The Rt. Rev. Robert Thompson, who retires in August after 47 years of Ministry, declares that his decision to pursue his lifelong vocation in the Church was made for him by God. The Suffragan Bishop of Kingston, who was ordained a Deacon at age 24, admits that: “There were times when I said, this is not for me, but in the end, God has his way.”
In fact, there was a call on his life from his birth, as he says that his late mother, Elethia, literally presented her firstborn son as an offering to God, in fulfilment of her desire to serve in the Baptist Church which, at the time, did not accept female Ministers. His father, the Hon. James Thompson, former Custos of Westmoreland, and the Rev. Canon Weeville Gordon, Rector of St. James Mission, Grange, which he attended as a child, and who he said was “the model of priesthood as he exuded a joy while exercising his ministry,” ignited the spark within him to live a Christ-centred life and become a priest. As a boarder at Jamaica College, he was further influenced by Fr. John McNab, School Chaplain and Rector of Church of the Ascension, Mona.
Bishop Thompson entered the United Theological College in 1969 and was ordained a Deacon on June 29, 1973, along with Archbishop Howard Gregory and The Rev. Canon Abner Powell. The following year, he was ordained priest on Trinity Sunday. Further studies at McGill University earned him the Bachelor of Theology Degree and the Master’s in Sacred Theology in 1979. He was appointed a Research Fellow at Berkeley Divinity School at Yale University in 1988, and he received the Doctor of Ministry Degree from the Episcopal Divinity School in Cambridge in 2004.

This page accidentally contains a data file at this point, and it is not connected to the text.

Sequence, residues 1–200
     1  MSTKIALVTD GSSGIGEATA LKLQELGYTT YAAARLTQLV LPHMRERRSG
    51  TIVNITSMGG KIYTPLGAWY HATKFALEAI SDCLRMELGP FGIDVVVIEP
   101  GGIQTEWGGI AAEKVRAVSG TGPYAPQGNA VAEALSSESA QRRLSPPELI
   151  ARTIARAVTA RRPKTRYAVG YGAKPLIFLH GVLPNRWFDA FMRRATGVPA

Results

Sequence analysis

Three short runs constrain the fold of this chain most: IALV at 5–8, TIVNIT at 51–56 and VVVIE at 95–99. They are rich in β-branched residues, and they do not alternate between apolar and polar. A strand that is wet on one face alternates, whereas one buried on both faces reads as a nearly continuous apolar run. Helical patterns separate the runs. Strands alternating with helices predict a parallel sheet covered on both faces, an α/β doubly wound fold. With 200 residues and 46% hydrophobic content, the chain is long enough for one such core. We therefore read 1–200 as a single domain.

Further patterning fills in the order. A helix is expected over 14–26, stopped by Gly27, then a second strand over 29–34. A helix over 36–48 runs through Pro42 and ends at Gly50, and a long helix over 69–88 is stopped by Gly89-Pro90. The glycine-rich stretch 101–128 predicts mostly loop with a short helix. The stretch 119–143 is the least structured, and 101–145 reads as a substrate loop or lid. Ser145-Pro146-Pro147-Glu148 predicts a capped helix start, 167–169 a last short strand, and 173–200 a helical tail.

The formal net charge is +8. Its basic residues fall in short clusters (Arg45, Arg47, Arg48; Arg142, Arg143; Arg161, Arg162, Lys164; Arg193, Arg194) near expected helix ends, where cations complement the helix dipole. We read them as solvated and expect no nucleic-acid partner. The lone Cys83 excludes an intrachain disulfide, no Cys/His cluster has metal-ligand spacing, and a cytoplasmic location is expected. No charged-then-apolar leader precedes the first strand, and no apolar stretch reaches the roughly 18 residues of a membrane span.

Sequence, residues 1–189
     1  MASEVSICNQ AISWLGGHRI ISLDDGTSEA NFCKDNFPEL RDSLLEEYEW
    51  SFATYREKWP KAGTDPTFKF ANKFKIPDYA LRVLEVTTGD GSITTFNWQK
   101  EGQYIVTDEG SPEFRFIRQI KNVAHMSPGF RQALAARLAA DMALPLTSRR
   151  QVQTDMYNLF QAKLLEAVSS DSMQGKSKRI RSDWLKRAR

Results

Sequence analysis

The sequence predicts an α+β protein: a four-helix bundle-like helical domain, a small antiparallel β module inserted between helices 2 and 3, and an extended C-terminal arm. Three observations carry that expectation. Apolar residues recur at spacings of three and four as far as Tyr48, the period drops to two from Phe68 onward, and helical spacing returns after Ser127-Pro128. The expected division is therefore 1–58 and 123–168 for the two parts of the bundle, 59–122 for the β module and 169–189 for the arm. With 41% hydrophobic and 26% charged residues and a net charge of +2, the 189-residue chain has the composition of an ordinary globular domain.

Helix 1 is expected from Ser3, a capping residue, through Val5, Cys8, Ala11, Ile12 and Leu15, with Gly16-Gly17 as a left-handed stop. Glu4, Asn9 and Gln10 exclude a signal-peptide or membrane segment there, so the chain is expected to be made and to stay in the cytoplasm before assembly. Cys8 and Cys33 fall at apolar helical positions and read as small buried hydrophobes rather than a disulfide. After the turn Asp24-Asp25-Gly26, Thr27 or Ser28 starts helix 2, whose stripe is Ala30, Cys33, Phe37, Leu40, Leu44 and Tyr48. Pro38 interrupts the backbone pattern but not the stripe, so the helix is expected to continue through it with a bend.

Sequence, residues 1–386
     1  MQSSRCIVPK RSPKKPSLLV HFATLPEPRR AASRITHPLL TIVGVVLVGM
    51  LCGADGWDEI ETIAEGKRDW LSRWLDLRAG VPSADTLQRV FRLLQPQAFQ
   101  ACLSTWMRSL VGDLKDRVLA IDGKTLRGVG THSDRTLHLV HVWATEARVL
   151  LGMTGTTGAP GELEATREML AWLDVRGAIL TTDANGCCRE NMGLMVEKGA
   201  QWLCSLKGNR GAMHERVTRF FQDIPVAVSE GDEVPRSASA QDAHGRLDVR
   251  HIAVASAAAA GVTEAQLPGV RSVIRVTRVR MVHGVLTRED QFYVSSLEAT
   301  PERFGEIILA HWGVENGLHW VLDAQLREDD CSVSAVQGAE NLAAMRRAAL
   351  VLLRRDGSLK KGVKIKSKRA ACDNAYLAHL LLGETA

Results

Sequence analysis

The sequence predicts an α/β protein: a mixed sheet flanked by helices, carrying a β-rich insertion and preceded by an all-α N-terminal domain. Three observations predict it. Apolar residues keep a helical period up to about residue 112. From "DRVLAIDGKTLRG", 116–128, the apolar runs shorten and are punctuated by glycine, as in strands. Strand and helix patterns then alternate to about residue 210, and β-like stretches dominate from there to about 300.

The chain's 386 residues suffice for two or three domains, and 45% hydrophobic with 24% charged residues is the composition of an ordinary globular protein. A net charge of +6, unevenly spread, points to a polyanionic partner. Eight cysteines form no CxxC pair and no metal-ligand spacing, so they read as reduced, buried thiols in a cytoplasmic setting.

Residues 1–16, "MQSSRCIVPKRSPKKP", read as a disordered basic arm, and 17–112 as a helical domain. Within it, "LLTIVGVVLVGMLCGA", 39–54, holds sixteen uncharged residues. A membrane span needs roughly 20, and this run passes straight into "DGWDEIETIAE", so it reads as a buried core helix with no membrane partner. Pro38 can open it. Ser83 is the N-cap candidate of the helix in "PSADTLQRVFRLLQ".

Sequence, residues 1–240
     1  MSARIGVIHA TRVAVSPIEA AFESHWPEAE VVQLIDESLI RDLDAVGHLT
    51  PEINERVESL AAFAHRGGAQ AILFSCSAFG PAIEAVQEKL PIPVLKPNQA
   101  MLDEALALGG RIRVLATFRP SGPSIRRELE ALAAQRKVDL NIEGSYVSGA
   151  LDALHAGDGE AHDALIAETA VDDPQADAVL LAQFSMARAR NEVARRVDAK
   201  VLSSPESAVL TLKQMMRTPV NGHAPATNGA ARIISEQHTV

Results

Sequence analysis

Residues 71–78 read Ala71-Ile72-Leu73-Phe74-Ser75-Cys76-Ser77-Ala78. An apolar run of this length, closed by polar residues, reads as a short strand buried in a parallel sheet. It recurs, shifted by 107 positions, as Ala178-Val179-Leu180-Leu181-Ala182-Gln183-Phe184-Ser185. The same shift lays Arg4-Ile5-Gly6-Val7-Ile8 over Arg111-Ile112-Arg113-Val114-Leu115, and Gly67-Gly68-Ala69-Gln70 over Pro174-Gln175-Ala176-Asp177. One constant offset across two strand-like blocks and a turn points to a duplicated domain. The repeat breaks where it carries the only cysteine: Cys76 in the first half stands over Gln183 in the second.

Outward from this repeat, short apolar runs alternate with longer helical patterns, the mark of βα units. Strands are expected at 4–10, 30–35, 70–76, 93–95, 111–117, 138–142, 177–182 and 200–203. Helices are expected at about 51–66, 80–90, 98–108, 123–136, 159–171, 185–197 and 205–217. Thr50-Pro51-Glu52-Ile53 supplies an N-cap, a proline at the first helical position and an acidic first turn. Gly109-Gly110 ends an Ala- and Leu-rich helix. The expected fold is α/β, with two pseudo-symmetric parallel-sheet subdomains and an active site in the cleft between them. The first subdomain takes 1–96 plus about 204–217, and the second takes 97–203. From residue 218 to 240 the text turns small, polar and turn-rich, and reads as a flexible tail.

Oversight for construction of the Church of the Resurrection in Duhaney Park was his major achievement as Assistant Curate at The Church of St. Mary the Virgin. The project assigned by the Rector, the Rev. Canon Ernle Gordon, made Robert Thompson the first Curate in the Diocese to undertake a task of this magnitude. Conceived as a community centre and basic school, the structure showcases the work of two outstanding Jamaican artists, Carl Parboosingh and Christopher Gonzales, both of whom offered their service free of cost.
In 1980 he was appointed Rector of St. Jude’s, Stony Hill. Describing his 10 years at that Church as “my hardest bit of work,” Bishop Thompson recalls spearheading its Centenary Celebrations in 1987. This included monthly activities which featured presentations by specially invited guests from overseas. During his tenure, he also guided the rebuilding of St. Phillip’s, Brandon Hill and St. Christopher’s, which were destroyed by fire and hurricane, respectively.
He subsequently served as Rector of St. Andrew Parish Church for 15 years from 1990-2005, during which he was appointed a Canon of the Cathedral. The transformative work undertaken by the Parish Church’s flagship St. Andrew Settlement project in the Majesty Gardens community entered a new phase when Bishop Thompson mobilized support from Habitat for Humanity and the Ministry of Housing to construct houses on land leased by the Church. He also successfully promoted the establishment of a Community Council to assume responsibility for the protection and maintenance of social facilities in the area. The St. Andrew Care Centre for Street Boys which provided meals, sanitary facilities, basic education and life skills was another initiative led by this advocate for human development, who has boldly engaged the support of private and public sector heads for sundry projects over the years.